28 April 2006

House sharing

When J, my parents, and I went to Akureyri, J and I stayed in a bare-bones guesthouse downtown, and my parents stayed in an apartment that was lent to us for the long weekend. I came upon the apartment in a way that's never happened to me, and in some ways I still don't quite believe it happened.

When I went to Amsterdam in February, I shared a row with an Icelandic woman who spent the whole trip sleeping. When we got to Schipol, the luggage took insanely long to arrive, so we ended up talking together. We discovered that her brother works for a branch of my company, that we both live in the same neighborhood, and that we were sharing the same flight back to Iceland in a few days. I invited her to J's birthday party, and we parted ways in the midst of the vast indoor shopping complex outside the airport.

We talked again briefly as we waited to board the plane on our way back, but didn't sit in the same row, so that was it. She couldn't come to the party so I figured that was probably the end of it- we'd each burrow back into our own lives and forget about the airplane meeting.

Then, a few weeks later, I got a call from her. She needed editing help, so I met her in a café downtown and hashed out a few economics paper abstracts with her. Over dinner I told her that I was going to Akureyri over Easter, and when she discovered I didn't yet have a place to stay, she said she was from the north and could probably get an apartment. After dinner she called up a nephew of hers who was going to be out of town, and there, after three brief meetings, I was given her relative's house.

The keys arrived in the mail soon after, in an envelope without return address, and containing nothing but the keys. A few days before our planned trip, the owner of the place called me, just to tell me that the key to the apartment is a bit sticky, and I have to be sure and open it with a smooth style (his words). This guy had NEVER met me, and his aunt has only now seen me a total of four times, yet my parents stayed in his house for three days.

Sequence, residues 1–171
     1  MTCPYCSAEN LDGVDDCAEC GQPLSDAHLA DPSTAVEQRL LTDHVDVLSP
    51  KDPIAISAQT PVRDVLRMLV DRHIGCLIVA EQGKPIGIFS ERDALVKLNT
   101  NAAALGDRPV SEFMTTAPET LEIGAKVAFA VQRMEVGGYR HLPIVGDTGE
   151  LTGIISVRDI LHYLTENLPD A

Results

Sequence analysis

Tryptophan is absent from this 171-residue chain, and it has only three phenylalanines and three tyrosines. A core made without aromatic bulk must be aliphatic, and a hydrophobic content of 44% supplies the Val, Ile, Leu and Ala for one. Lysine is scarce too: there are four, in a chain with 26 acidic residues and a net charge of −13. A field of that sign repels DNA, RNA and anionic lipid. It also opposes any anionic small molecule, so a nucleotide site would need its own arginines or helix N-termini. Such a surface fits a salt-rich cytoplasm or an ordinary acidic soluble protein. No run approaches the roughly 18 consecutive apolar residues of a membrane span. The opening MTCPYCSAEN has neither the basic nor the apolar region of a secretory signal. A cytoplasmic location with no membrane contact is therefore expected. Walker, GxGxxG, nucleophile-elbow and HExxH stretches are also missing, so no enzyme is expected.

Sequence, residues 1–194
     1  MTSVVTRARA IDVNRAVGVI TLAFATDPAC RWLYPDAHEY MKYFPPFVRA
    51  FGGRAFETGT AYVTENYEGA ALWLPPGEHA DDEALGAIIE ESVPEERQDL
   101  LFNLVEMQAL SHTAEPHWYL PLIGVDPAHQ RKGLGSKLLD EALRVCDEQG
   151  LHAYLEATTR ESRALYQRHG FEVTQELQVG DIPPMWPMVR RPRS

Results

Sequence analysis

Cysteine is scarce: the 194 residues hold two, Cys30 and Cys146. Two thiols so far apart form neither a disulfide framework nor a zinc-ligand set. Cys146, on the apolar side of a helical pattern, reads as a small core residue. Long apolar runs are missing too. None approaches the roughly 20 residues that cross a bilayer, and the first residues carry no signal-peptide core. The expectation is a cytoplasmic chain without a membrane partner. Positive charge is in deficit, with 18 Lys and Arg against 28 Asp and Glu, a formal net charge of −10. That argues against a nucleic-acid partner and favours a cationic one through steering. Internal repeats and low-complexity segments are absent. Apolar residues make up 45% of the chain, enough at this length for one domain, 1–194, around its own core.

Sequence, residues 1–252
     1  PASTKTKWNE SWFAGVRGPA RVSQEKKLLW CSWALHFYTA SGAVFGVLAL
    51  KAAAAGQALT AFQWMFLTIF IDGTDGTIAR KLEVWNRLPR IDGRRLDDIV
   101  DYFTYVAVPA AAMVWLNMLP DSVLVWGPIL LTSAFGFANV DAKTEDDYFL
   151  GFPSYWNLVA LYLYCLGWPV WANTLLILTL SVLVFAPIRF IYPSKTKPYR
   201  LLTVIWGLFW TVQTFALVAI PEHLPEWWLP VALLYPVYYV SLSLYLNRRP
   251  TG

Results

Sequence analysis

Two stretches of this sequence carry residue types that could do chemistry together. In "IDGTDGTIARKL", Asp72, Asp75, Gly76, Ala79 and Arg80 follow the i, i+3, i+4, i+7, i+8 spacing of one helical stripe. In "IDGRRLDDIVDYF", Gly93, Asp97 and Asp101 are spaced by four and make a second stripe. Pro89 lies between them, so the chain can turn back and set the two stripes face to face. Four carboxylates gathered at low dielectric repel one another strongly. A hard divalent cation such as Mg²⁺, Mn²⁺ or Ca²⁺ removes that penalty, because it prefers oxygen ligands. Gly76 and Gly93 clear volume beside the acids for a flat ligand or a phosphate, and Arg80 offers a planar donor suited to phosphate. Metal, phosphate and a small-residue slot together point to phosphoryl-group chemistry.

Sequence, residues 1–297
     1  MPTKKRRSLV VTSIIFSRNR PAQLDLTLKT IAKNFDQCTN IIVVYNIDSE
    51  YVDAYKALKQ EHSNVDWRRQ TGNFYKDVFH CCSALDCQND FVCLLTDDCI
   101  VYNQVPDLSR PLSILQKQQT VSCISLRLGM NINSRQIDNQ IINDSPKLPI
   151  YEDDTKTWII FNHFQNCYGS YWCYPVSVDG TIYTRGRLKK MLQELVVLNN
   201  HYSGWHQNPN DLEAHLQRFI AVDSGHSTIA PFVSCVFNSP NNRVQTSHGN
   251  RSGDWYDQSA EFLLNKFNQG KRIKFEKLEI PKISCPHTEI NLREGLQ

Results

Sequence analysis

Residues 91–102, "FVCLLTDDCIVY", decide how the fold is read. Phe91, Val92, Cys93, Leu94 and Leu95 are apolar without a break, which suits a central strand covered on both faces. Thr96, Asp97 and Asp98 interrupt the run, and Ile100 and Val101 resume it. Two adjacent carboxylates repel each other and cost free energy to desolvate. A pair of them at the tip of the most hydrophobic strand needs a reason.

This whole experience reminded me of how interwoven this society is. While it sounds like it's sometimes frustrating for people that grew up here, this net of people that spreads through all the tiny towns does create a different travel experience. There's always someone to stop by and have coffee with, a personal story about some farm we've driven by a few times, people you run into elsewhere in the country, out of context as they visit their extended families. For example, J ran into the customer service woman we always use at the bank here in Kópavogur in the stairwell of the building where my parents stayed, and just now as I came back from lunch, one of the book-keeping women at my company told me that she had been sitting one table away from us at a cafe one evening in Akureyri as we all ate biscuits. Yep, small country.

Ship sighting: There's a foreign fishing ship called the Cidade de Amarente that's supposed to arrive this afternoon. I can't give you a picture because all that came up with a search were Portugese and Brazilian websites, none of which had fishing boat photos. This is the first foreign ship I recall seeing on the list since the Japanese tuna boats in the fall. Exciting!

This tanker is also coming and going today, with a 12-hour turnaround. I need to learn more about tanker construction though, because there were lots of photos of this one, and in some it had what looked like cranes (as in first link) and in others it didn't, like this one.

5 comments:

tsduff said...

Very cool that you were able to stay in the apartment... I think the small town aspect of Iceland is awesome.

BTW, your new profile picture is stunning.

SB said...

Wow! Amazing story. I think sometimes I wish things were like that in Boston, but they aren't. People aren't as giving or sharing here. It's just a different society.
What an excellent story though.

ECS said...

Terry- thanks!
Sirrý- One of the funny things about this story is that I told one of my co-workers about it and he said it was because I was foreign that this had happened, and that Icelanders are curious about foreigners in a way that make them more open to people that aren't Icelandic. I'm not sure if it's true, but it was an interesting comment.

sb said...

ECS - You know, I was thinking about that. Icelanders tend to love foreigners. That may be why they went out of their way. Although, people from the countryside tend to more open to those things, than the city.
I wonder how it'll be when/if I move back after 15 years away. Will I be a foreigner or maybe somewhere in between.

Liz said...

People, on occasion, can be surprising in their kindness.

One wishes that this were the way of things rather than being an exception to the norm.